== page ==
Monday, June 23, 2008

Meeting Clark Smith - June 16, 2008

A lot has been written about Clark Smith, from what I could gather from the press pack I was given about this man and his wines. Usually, you get one or two brief articles about a winery or winemaker; in this pack there were four extensive pieces about this guy, his theories, philosophies and ideas about winemaking. If you’re interested look him up, he’s quite a polarizing figure who speaks his mind and speaks from the heart. Some might even say he lacks a “social filter” (the one that stops you from saying whatever comes to mind at any given time); but as one who has also been known to suffer from this “ailment”, I found him refreshing and fun. Let me give you a couple of examples of what I am talking about.

He told us (all assembled) that he does not sell his wines in California, “because California is an ignorant wine market.” Instead he prefers to sell his wines in New York, a “hipper” market. He says it’s because California is “always looking for the next impact wine.” He equated it to the difference between being ‘hip’ and being ‘cool’. New York being hip; California thinking it is cool. This kind of talk doesn’t make him popular in his home state; hence I can see why he doesn’t sell much of his wine there.

He casually called most California Chardonnays (the ones he referred to as “typical”) “oaky-toasty-butter bombs”, (and truthfully he isn’t wrong) – he said this as he was introducing us to his “Faux Chablis”, a mineral driven sipper with good fruit and hay-earthy notes, mainly on the nose, it also had a great long finish.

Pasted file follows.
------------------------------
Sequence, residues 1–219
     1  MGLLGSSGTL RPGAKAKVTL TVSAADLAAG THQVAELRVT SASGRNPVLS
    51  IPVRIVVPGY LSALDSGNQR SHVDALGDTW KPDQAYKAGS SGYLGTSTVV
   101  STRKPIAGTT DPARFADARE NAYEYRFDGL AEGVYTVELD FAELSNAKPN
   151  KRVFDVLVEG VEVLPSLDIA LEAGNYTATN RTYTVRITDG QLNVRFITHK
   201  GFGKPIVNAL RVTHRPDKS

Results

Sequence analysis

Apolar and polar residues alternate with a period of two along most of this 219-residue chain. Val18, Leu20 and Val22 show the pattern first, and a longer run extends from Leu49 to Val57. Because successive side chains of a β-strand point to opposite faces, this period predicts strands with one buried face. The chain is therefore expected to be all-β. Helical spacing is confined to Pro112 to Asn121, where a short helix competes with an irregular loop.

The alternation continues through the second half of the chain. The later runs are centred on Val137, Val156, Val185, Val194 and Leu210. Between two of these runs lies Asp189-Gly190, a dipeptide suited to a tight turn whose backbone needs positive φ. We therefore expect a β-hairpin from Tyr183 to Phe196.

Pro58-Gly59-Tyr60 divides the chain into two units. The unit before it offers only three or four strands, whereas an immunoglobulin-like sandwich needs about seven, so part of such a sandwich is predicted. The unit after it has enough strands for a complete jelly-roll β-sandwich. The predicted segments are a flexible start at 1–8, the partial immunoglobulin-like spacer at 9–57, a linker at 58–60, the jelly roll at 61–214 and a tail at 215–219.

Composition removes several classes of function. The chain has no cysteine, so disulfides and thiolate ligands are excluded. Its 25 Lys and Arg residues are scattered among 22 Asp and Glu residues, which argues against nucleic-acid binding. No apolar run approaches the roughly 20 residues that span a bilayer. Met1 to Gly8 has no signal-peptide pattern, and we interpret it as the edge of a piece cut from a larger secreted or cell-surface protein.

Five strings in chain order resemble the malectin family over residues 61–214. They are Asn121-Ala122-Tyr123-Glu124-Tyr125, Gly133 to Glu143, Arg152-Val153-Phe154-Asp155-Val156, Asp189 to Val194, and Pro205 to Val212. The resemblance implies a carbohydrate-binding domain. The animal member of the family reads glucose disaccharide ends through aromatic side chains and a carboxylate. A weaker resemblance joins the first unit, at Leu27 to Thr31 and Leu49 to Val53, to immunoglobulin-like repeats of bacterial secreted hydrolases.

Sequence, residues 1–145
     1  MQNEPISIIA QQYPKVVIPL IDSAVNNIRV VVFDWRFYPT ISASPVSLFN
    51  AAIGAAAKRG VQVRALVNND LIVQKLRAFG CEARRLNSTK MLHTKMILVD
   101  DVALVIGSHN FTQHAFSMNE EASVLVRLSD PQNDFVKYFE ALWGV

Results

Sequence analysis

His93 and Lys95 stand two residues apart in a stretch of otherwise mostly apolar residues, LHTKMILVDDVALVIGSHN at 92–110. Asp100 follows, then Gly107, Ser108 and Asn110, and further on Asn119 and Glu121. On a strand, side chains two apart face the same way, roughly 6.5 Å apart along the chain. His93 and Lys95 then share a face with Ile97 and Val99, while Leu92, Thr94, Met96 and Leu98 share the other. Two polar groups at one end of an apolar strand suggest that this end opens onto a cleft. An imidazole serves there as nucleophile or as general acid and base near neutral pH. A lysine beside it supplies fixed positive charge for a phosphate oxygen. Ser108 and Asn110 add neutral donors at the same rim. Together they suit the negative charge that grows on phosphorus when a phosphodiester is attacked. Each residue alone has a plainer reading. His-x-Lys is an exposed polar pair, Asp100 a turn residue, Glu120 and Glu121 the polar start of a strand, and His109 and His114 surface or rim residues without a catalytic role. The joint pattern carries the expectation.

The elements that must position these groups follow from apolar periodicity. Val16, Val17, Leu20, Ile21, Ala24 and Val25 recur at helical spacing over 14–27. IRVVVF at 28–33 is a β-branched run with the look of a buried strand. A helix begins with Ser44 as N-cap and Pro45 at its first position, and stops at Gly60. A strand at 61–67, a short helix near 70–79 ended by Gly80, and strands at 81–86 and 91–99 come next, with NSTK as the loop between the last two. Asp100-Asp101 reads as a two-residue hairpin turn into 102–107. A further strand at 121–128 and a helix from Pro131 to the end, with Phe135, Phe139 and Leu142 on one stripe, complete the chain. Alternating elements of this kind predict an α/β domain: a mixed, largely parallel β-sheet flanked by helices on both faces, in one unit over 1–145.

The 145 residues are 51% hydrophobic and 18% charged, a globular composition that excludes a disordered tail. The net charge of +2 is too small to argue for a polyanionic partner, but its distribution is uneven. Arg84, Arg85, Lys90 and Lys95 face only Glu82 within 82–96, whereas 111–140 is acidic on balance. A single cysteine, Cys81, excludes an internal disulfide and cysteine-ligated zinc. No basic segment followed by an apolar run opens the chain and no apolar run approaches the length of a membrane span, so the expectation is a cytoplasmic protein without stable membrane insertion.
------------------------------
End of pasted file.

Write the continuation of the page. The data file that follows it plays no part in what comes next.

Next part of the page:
A believer in aging Rosé till they hit perfection, Clark found it hard to sell his few-year-old pink wines: “they need a few years to develop that great colour,” he said. The public believes that pink has to be fresh vinted (within a year or so of the date on the bottle) – he referred to vintage dates as “expiry dates to the wine buyer”. He got around his dilemma by non-vintage dating his Skinflint Dry Rosé, a blend of the Cabernets (Sauvignon and Franc). It had typical strawberry and raspberry notes, along with some of those minerals and hay notes found in the Chardonnay/Chablis.

While I enjoyed the above two wines, I really took a shine to the “Miser” Meritage and Winesmith Cabernet Sauvignon; both had very inviting noses. The Meritage was black fruit, herbal and pencil shaving-ish; while the Cabernet Sauvignon was a red and black fruit mix. In the mouth, the Meritage proved to be more complex, while the Cab Sauv was a simple sipper. But both were excellent and seemingly well priced (approximate retail value: Meritage $15 and Cab Sauv $23); let’s hope we see some of these wines on this side of the border.

Clark finished his talk with a music demonstration – discussing how music can make certain wines taste better. I didn’t agree with his choices. He contended that a specific piece of music makes a particular wine taste better. Now in truth I do believe environment affects your enjoyment of a wine, be it the movie you are watching, music you are listening to, company you keep, mood you are in, where you are … environment and situation can make the worst wine taste better and the best wine taste like vinegar. But whether the Doors “People are Strange” (as Clark suggests) makes a Cabernet Franc taste better than a Cabernet Sauvignon – I’ll leave that up to you. Might I suggest just inviting good friends over and popping the cork on whatever you so desire … I’m sure the mood will take care of your appreciation.

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